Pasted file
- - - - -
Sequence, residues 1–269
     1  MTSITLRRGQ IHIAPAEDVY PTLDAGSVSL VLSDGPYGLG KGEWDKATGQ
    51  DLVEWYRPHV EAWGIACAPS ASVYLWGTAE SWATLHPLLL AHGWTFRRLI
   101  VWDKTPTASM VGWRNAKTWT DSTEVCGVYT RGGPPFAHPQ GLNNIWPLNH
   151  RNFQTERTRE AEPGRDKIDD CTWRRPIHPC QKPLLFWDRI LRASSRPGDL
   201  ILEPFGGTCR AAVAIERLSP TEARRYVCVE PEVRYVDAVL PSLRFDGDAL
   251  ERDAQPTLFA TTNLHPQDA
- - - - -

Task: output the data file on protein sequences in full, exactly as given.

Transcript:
Sequence, residues 1–269
     1  MTSITLRRGQ IHIAPAEDVY PTLDAGSVSL VLSDGPYGLG KGEWDKATGQ
    51  DLVEWYRPHV EAWGIACAPS ASVYLWGTAE SWATLHPLLL AHGWTFRRLI
   101  VWDKTPTASM VGWRNAKTWT DSTEVCGVYT RGGPPFAHPQ GLNNIWPLNH
   151  RNFQTERTRE AEPGRDKIDD CTWRRPIHPC QKPLLFWDRI LRASSRPGDL
   201  ILEPFGGTCR AAVAIERLSP TEARRYVCVE PEVRYVDAVL PSLRFDGDAL
   251  ERDAQPTLFA TTNLHPQDA